Wednesday, November 4, 2020

The IWSG asks why do I write and I answer in my last post for 2020. Happy Holidays and all that.

It is November 2020, and it's time for the Insecure Writer's Support Group. This is a welcome distraction to an election season that I haven't liked one bit. So here is the purpose of this particular blog fest:

"To share and encourage. Writers can express doubts and concerns without fear of appearing foolish or weak. Those who have been through he fire can offer assistance and guidance. It's a safe haven for insecure writers of all kinds."

If that sounds like something you'd like to participate in, you should go and sign-up at this blog located HERE. 

The November 4th question (that is optional) is as follows:

"Albert Camus once said, 'The purpose of a writer is to keep civilization from destroying itself.' Flannery O'Conner said, 'I write to discover what I know.' Authors across time and distance have had many reasons to write. Why do you write what you write?"

This is such a good question. I think that I write so that I can take a dream or a figment or an idea and make it into a movie that plays in my head. Writing is the cheap process by which I can hire all the best actors, where I can imagine a scene playing out, and I can laugh or simply enjoy the possibilities. It is a place where I can enjoy myself without spending any money and where I can explore vistas without a sense of danger to me. Instead, all of that danger is borne by the protagonists of my stories.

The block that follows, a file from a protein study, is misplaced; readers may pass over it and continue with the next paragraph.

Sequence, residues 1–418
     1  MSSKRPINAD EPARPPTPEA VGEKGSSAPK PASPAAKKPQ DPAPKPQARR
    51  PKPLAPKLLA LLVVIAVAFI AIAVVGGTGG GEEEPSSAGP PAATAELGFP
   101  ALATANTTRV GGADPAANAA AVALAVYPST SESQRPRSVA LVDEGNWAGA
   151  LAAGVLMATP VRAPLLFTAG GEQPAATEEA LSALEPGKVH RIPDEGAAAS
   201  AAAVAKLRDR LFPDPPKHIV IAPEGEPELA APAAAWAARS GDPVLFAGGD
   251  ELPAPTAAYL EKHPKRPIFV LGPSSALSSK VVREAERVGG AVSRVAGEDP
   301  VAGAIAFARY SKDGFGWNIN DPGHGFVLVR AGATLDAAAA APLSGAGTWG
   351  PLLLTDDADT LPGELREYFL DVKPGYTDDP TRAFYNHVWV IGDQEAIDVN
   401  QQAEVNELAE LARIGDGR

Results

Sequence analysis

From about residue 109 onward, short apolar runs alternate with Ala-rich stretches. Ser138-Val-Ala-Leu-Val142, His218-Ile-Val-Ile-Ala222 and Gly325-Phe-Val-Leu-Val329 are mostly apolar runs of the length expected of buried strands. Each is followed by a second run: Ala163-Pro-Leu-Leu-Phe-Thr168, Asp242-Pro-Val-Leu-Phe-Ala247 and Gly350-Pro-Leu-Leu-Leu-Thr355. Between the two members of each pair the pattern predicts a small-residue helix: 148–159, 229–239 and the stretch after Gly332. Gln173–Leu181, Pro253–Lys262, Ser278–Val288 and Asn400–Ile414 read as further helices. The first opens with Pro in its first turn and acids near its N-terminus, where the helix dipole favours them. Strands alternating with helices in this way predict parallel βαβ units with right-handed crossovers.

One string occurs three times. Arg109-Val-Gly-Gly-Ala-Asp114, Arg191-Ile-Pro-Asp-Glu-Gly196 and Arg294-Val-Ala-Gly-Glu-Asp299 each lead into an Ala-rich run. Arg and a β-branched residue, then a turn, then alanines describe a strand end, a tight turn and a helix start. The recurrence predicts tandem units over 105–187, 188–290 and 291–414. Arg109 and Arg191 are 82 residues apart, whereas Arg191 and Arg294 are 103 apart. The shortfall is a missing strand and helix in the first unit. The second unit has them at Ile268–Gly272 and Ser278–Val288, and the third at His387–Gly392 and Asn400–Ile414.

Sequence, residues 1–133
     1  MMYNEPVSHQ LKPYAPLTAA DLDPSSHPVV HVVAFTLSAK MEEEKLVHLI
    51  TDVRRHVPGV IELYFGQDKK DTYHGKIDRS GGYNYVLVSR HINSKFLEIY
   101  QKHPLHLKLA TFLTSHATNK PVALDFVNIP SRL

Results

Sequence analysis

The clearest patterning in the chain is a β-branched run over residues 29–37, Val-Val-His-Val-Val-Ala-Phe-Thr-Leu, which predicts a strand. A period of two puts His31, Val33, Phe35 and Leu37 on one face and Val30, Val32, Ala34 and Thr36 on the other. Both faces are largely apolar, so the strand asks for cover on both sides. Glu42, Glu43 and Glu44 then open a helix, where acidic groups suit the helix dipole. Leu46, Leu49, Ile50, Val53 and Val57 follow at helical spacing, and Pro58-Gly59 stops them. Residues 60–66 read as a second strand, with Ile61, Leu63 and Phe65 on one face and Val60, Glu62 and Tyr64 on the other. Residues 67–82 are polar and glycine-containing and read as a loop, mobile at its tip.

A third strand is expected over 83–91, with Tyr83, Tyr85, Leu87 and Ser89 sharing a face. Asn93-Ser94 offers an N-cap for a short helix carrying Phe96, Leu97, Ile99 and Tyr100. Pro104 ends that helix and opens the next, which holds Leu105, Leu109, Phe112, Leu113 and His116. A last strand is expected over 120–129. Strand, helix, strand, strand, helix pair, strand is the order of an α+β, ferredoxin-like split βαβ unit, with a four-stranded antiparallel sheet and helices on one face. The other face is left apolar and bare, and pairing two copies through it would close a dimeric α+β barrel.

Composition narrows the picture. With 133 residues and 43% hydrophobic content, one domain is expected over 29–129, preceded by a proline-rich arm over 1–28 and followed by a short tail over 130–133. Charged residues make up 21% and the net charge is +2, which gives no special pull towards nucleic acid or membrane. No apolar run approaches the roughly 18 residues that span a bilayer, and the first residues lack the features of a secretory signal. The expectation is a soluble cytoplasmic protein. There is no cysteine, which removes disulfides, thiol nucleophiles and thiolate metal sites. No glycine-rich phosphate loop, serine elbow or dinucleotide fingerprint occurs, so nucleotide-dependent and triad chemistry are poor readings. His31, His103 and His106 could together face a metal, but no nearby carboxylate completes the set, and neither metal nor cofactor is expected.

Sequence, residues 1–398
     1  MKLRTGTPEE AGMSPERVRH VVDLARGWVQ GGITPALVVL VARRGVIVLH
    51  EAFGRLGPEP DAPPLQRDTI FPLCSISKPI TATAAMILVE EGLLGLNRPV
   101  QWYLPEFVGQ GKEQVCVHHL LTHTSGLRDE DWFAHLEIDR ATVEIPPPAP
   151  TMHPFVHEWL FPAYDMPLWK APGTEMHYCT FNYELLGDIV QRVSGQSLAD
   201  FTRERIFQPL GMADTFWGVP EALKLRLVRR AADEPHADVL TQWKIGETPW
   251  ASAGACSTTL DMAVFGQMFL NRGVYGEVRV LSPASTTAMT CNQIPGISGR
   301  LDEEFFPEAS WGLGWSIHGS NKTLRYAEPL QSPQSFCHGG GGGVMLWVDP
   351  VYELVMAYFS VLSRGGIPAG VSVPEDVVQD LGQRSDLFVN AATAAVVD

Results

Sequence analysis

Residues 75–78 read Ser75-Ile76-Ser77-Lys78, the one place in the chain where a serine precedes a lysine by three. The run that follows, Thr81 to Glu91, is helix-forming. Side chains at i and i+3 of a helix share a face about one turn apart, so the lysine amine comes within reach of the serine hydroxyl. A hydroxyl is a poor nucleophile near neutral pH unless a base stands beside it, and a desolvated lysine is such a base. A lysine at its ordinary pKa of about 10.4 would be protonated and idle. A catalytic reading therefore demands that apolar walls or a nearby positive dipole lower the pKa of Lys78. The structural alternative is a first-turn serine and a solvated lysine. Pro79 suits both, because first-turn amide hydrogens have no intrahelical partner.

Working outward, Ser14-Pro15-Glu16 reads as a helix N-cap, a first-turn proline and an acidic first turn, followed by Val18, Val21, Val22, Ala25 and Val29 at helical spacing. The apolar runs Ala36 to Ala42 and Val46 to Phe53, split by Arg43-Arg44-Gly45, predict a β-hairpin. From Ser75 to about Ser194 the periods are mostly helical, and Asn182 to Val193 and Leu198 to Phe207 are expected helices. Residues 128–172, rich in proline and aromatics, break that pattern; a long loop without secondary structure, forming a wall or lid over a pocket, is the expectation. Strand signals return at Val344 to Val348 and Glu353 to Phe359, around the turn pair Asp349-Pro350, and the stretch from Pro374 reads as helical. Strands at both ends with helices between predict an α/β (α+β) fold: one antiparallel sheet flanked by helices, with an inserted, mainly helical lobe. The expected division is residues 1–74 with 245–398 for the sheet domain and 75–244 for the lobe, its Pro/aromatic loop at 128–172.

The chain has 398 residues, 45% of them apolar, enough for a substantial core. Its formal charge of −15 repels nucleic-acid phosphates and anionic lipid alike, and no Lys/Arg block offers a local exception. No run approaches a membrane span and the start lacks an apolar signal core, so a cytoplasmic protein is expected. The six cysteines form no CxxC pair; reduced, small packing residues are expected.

Now I'm off to take a look at how all of you answered. If you are participating in NanoWrimo this year, good luck on your progress.

As for me, I'm going to shut the blog down until the first Wednesday of January (which is the first IWSG post for 2021). Happy Holidays. May your Christmas and New Years be bright.

Monday, November 2, 2020

The season two premiere of the Mandalorian answered two questions I had from my childhood.